Activists Are Using the “Climate Necessity Defense” in Court — and Winning

Jessica Reznicek could’ve gotten away with disassembling bits and pieces of the Dakota Access Pipeline (DAPL) in Iowa and South Dakota in 2016 and 2017, slicing through metal with an oxyacetylene cutting welding torch in broad daylight without detection; but eluding the law wasn’t her primary purpose. As she made clear in a claim of responsibility, dated July 24, 2017, she wanted her sabotage of Energy Transfer, LLC’s equipment to spark “public discourse surrounding nonviolent direct action.” Though not a formal legal instrument, the claim expresses her intentions, motivations and aspirations in taking the actions that she did. After the exhaustion of all the usual tactics, after all the public comments, petitions, hunger strikes, marches, rallies, boycotts and encampments failed to stop DAPL’s construction, she had to face her truth: “[A] private corporation … has run rampantly across our country seizing land and polluting our nation’s water supply. You may not agree with our tactics, but you can clearly see the necessity of them in light of the broken federal government and the corporations they protect.”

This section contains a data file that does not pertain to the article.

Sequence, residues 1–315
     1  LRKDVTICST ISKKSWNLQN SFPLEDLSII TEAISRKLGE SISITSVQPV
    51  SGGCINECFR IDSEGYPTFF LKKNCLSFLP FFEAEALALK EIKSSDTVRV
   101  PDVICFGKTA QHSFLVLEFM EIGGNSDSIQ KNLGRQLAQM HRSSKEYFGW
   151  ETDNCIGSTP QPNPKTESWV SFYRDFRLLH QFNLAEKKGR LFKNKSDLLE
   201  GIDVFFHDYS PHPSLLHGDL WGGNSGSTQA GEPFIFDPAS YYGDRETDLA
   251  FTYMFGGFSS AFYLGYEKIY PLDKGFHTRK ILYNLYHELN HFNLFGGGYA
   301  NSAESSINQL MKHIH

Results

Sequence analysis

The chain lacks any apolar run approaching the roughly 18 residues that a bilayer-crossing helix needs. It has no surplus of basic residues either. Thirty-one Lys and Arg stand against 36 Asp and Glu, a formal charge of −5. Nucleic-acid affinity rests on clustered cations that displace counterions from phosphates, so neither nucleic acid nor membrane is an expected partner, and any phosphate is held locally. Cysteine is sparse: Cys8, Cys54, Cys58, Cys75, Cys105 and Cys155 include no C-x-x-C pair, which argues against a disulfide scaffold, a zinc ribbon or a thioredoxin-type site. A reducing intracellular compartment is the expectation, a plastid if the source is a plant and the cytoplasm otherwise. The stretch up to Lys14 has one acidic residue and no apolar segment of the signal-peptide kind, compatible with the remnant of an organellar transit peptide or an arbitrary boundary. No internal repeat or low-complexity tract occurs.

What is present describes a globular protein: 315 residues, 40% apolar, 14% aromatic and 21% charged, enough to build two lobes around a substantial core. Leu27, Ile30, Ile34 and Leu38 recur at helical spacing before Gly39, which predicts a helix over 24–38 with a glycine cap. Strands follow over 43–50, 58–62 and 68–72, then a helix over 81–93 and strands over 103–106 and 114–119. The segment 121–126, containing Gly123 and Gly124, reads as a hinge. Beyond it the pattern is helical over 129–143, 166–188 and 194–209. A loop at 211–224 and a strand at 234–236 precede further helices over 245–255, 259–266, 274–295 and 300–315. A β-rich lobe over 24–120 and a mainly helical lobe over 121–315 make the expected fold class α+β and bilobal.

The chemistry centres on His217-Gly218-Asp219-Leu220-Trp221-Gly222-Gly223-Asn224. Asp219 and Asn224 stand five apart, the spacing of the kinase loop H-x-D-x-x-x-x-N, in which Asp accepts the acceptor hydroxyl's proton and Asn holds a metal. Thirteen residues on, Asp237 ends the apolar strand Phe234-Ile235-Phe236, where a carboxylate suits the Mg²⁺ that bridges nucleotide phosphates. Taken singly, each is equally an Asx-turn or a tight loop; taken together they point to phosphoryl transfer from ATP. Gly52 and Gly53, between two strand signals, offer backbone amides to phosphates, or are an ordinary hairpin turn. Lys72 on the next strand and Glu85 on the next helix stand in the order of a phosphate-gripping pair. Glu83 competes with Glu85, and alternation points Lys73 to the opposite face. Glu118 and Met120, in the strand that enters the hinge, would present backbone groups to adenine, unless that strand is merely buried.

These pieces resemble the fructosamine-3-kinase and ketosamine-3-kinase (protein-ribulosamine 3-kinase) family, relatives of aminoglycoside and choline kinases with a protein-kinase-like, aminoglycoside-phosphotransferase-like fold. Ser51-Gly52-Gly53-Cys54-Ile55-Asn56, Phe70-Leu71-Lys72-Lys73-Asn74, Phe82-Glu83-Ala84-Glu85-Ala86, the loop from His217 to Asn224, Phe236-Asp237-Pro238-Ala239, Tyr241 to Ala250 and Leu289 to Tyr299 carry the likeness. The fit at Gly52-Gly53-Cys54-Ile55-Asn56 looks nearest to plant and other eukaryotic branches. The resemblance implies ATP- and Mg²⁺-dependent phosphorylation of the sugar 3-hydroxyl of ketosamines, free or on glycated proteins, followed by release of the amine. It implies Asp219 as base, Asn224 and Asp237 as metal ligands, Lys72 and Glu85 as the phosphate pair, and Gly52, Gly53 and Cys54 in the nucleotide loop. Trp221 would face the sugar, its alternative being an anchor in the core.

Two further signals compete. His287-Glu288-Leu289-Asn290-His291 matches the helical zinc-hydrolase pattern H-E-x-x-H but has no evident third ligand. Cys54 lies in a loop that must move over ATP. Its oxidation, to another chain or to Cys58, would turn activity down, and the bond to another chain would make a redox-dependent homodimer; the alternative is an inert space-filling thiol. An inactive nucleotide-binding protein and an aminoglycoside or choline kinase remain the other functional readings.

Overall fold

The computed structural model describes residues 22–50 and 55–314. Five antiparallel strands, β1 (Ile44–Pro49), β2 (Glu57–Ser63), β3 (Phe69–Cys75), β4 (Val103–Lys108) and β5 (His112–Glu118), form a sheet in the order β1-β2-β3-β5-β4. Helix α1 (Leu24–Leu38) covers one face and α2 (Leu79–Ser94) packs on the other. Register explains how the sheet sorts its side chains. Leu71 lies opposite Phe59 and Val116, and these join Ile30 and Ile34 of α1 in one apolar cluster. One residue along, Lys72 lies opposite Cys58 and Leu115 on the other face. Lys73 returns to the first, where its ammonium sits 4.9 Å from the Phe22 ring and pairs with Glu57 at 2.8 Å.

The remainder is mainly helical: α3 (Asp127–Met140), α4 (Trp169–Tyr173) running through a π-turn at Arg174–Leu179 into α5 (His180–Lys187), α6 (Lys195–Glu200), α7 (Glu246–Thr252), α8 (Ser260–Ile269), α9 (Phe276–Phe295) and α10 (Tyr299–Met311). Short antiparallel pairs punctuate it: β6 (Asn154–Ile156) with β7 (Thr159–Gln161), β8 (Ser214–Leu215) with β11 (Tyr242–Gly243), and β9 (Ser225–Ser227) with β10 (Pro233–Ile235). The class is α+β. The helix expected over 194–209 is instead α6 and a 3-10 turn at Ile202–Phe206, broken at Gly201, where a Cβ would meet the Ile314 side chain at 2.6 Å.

Though the pipeline has never been properly permitted to send oil under the Missouri River, every day 570,000 barrels of oil (with an expanded capacity of 750,000 barrels and ultimately 1.1 million barrels) move through it. The current flow represents approximately 40 percent of the output from the Bakken oil fields per day. On September 10, 2020, the Army Corps of Engineers published its intention to prepare an Environmental Impact Statement, but at present the full extent of the pipeline’s contribution to climate change is unknown. In 2016 the National Oceanic and Atmospheric Administration found that North Dakota’s Bakken oil and gas field was responsible for leaking 275,000 tons of methane per year; and researchers at the University of Michigan found that the combined field in North Dakota and Montana is emitting roughly 2 percent (about 250,000 tons per year) of the globe’s ethane.

Read the article on TRUTHOUT